Date: Thursday, April 20, 2023
Source: Wall Street Journal
U.S. lawmakers on Tuesday scrutinized possible “loopholes” in an anti-forced labor law blocking many imports from China’s Xinjiang region, expressing bipartisan support for cracking down on companies with supply chains stemming from the region.
Several lawmakers drew attention to potential gaps that might be allowing goods from a largely proscribed region of China to enter the U.S. as part of a hearing of the Congressional-Executive Commission on China. The hearing followed U.S. Customs and Border Protection reporting it has stopped nearly $1.1 billion in goods with possible links to Xinjiang, home to China’s Uyghur people and other minority groups, under the Uyghur Forced Labor Prevention Act.
The report was an anticipated milestone in the enforcement of a law that has been in force for about 10 months.
“As much as we’ve accomplished, it’s only the tip of the iceberg,” said Sen. Jeff Merkley, (D., Ore.), co-chair of the commission. “Compliance with this law requires a paradigm shift…Companies that resist compliance or look to exploit loopholes need to be held accountable.”
The CECC, a group made up of members of both houses of Congress and senior administration officials, was set up in 2000 to monitor China’s compliance with international human rights standards.
“The United States must be persistent in its efforts,” said Rep. Zachary Nunn (R., Iowa), adding that Western companies allowing forced labor in their supply chain are “complicit” in “China’s blatant human rights abuses.”
The UFLPA passed with bipartisan support in 2021 amid concerns about alleged human rights abuses in Xinjiang, a major source of cotton, tomatoes and solar panel components. Researchers say Uyghur and other peoples in the region have been detained and forced to work by authorities. China has criticized the law and denies allegations it is involved in human rights violations.
Under the UFLPA, goods from Xinjiang are presumed to be made with forced labor and are blocked from entering the U.S., though companies may argue their goods should be released from detention.
Customs data show many flagged shipments are ultimately allowed in.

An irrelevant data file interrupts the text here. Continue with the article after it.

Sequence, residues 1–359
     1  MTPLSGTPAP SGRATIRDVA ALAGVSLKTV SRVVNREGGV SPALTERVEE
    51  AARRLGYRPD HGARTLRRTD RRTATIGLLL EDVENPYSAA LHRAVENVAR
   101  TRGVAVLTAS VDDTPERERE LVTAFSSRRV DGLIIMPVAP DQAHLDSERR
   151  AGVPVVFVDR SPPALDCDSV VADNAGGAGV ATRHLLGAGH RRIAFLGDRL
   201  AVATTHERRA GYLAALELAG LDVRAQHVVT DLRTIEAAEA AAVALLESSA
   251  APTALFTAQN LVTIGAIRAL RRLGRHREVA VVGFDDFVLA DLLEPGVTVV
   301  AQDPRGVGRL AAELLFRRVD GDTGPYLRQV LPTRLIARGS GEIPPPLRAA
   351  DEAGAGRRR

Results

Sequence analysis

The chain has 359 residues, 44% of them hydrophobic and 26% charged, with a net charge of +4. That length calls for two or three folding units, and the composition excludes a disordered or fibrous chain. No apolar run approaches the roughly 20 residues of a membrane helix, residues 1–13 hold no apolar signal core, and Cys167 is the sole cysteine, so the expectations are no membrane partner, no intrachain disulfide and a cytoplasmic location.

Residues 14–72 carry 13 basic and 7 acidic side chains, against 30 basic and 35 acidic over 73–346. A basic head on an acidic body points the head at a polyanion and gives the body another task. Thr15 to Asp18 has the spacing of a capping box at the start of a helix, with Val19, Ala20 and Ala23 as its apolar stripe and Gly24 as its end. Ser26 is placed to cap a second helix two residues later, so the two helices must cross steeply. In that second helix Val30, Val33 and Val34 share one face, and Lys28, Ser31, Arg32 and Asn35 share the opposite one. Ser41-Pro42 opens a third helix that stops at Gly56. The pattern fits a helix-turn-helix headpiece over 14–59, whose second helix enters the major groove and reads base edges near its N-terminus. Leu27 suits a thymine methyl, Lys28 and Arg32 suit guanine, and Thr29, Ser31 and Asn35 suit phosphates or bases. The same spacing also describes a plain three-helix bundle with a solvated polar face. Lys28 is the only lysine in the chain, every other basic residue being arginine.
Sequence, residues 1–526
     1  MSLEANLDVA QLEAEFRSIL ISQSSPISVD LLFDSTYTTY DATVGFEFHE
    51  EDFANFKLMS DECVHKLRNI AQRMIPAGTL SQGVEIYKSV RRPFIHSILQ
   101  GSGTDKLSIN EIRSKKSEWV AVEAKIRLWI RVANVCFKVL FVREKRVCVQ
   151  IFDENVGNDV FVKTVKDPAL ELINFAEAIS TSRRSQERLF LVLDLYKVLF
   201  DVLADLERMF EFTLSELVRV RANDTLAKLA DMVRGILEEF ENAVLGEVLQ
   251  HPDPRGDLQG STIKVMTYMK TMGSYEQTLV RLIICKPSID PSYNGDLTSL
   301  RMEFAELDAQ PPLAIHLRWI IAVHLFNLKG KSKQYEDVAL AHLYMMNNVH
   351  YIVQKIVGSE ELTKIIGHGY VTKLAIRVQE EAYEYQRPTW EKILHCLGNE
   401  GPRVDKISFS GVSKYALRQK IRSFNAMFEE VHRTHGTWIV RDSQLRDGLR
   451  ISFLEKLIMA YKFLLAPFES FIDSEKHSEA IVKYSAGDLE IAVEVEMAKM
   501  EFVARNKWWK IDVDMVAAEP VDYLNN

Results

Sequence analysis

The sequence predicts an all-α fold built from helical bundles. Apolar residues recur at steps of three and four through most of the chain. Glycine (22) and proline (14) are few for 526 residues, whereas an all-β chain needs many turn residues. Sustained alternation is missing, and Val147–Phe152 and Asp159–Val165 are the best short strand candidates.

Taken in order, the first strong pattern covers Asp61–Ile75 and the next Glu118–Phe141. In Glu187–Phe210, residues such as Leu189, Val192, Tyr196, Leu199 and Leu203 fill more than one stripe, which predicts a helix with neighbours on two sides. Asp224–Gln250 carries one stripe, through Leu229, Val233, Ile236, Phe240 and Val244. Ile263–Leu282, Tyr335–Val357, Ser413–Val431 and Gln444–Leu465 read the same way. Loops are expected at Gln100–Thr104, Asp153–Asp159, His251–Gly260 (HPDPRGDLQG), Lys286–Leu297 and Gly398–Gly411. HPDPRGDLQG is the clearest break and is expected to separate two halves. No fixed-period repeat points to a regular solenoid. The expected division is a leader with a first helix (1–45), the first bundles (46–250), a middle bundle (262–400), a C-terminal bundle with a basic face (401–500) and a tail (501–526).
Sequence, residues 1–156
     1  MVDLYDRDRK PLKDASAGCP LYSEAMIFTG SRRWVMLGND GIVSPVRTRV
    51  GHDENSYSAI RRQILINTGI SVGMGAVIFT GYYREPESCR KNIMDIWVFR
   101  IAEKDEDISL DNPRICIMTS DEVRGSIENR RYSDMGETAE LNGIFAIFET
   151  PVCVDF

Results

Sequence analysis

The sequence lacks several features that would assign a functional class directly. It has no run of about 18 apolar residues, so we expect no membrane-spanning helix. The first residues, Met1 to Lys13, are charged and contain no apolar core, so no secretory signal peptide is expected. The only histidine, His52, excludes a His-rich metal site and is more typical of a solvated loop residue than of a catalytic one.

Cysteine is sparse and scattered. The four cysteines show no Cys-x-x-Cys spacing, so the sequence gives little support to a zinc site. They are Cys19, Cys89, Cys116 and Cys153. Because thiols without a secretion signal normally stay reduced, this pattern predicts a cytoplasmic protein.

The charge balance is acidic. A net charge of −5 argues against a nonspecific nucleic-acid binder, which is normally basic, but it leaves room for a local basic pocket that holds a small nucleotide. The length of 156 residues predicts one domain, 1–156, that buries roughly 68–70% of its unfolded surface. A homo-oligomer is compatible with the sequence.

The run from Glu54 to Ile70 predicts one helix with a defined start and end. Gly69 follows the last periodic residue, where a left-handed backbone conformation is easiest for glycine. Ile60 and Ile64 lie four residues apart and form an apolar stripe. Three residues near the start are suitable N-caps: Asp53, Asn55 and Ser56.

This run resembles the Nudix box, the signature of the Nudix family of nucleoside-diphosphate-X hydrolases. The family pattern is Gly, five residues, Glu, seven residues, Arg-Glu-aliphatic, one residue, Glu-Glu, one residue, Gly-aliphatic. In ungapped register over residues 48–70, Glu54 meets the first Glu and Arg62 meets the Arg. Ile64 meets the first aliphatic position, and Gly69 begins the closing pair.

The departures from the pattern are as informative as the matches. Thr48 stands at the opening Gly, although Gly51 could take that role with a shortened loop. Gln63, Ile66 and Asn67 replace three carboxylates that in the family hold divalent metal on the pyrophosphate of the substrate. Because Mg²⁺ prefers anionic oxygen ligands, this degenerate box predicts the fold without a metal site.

According to data Customs released Monday, the agency has denied entry to 490 of 3,588 shipments stopped for inspection since the law went into effect, while 1,778 are still under review, and the rest have been released into the U.S.
Of flagged electronics shipments, 710 shipments worth $454 million were allowed through over the same period, while 22 worth $9 million were blocked. Reviews are pending on about 1,000 more shipments.
A spokesman said Customs “cannot provide information or make an attribution as to the reason why a number of electronics goods are released after inspection.”
Customs’ overall figures show “gaps,” Anasuya Syam, director of human rights and trade policy at the Human Trafficking Legal Center, told lawmakers. Sen. Merkley said he was “disturbed” at how few shipments have been blocked.
The U.S. Department of Homeland Security, which enforces the UFLPA, didn’t send a representative to the hearing. Homeland Security Secretary Alejandro Mayorkas testified last month at a Senate committee hearing that China is committing genocide against the Uyghur people, echoing the broader U.S. government position. He said enforcing UFLPA is a priority for his department.
CECC members highlighted ways forced labor-tainted goods can enter the U.S., despite calls for increased compliance from businesses. One is by moving Xinjiang-linked goods through a third country to cloud their origin, a practice the Biden administration has said it would address.
Separately, many companies have pushed for “applicability reviews” to argue UFLPA doesn’t apply to particular shipments, even if Customs has flagged them.
Businesses that succeed in an applicability review can have shipments released without the same level of transparency as if they had challenged detention other ways. Several committee members focused on applicability reviews as something requiring scrutiny.
Lawmakers also highlighted an exemption for direct-to-consumer shipments valued under $800, which receive little scrutiny because U.S. law considers them trivial. Fast-fashion brand Shein in particular has been accused by lawmakers and others of using the exception to ship small parcels to the U.S. to avoid the scrutiny larger shipments would receive.
A Shein representative said the company takes visibility across its supply chain seriously and provides products “lawfully and with full respect for the communities we serve.”
Rep. Christopher Smith (R., N.J.), urged a closer look at the exception to see if the U.S. is being “duped.”
Rep. James McGovern (D., Mass.) said there is bipartisan support for tough enforcement of UFLPA, which he sponsored with other lawmakers. “This is not a check-the-box initiative,” he said. “All of us up here—Democrats and Republicans—are interested in making sure it is enforced.”